You may have already familiarized yourself with Paris’ 20 arrondissements: districts that spiral out in clockwise form from the city center to the western and eastern edges. Most first-time visitors will want to target some of the city’s more iconic places to start before attempting to get off the beaten track. Here are a few areas that you shouldn’t miss, and that have charming details you might overlook by targeting only the most popular monuments and attractions.
Around Metro St. Germain, don’t just stick to big tourist sights like the Deux Magots or Café de Flore. Duck into the 6th-century Abbey just outside the metro Saint-Germain-des-Pres, where Benedictine monks made their home from the early medieval period. Admire the bell tower (circa 990-1014), one of the oldest in France.
For something even quirkier, head over to Deyrolle, first established in the 19th century and featuring a much-coveted curiosity cabinet and taxidermy museum (Metro Rue du Bac). Devoted vegetarians might feel better abstaining, though.
Foodies, be aware that the Grande Epicerie market at nearby the Bon Marche department store (Metro Sevres-Babylone) stocks gourmet goodies from all over the world; I highly recommend a stop hear to load up on truffle oil, a good bottle of wine, or even some delicious cheese.
Le Quartier Latin
Once you’ve had your fill of the posh St Germain area, head due east toward the Latin Quarter, home to scholars and intellectuals for hundreds of years. Around Place St Michel, admire a view of the Notre-Dame Cathedral from across the river, and the statue-fountain of the archangel triumphing over the devil. From there, I recommend exploring the sumptuous medieval-style garden, art and sculpture collection and Roman thermal ruins at the Musee de Cluny, France’s national medieval arts museum, before making an obligatory pit stop at the Place de la Sorbonne to admire the outside of one of the world’s oldest universities. Sorry, visits are generally not granted here.
Heading further southward in the 5th arrondissement around the elegant yet village-like Place Monge, enjoy the outdoor markets overflowing with fresh produce, fish, and other goods around Rue Mouffetard. Also nearby are the too-infrequently visited Arenes de Lutece, the remains of arenas dating to the period when Paris was called Lutece, and a major capital in the Roman Empire.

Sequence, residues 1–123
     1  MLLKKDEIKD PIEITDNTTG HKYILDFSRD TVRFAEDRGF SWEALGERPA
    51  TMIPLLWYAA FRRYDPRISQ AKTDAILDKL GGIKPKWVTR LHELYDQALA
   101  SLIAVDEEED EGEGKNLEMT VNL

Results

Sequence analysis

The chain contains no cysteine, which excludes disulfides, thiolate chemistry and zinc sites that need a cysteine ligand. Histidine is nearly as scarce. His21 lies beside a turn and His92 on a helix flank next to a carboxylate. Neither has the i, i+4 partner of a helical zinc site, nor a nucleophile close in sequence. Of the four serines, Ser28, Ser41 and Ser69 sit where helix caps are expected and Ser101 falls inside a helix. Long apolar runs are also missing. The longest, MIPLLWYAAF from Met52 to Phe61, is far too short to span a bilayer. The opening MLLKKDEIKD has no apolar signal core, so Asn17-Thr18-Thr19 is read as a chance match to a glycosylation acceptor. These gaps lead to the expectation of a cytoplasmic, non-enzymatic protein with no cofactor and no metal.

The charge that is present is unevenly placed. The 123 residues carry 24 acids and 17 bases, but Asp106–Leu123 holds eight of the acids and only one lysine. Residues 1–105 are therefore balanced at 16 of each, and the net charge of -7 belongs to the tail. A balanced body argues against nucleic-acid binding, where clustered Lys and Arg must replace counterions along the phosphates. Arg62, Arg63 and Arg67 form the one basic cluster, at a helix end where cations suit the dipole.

Had your fill of typical tourist destinations? Head north over the Seine to explore some of the neighborhoods most visitors overlook. Get off at Metro Goncourt and walk east to the Canal St Martin area, a favorite for artists and trendsetters. Scenes from “Amelie” were filmed here– notably showing Audrey Tautou atop one of the green iron footbridges– and it’s a favorite spot for spring and summer picnics. It also has more cinematic history, having been the subject of a 1938 film by French director Marcel Carne called “Hotel du Nord”, named after a hotel-restaurant-bar that still exists (102 quai de Jemmapes, Metro Goncourt or Jacques-Bonsergent). Entire sections of the neighborhood were reconstituted for the film. It can be great fun to go have a drink or dinner at the elegant Hotel du Nord, and mingle with the locals there…
Modern Paris: La Villette
Get on Metro line 5 at Jacques Bonsergent, change to line 7, and get off at Porte de la Villette to experience one of the city’s most contemporary areas, the Parc de la Villette (follow signs to the park entrance). Featuring elaborate green spaces, modern architecture, a science museum, concert hall, and more, La Villette is a great place to explore with kids, who will enjoy the colorful sculptures, museum exhibits designed just for them, and vibrant thematic gardens. A whole afternoon can be spent here…and you might just forget that you’re in Paris. Not that you’d want to!
We offer numerous walking tours throughout Paris that will help give you a better understanding of the city’s layout and the fascinating history each neighborhood has to offer. Kick off your visit with us and then take to the streets like a pro!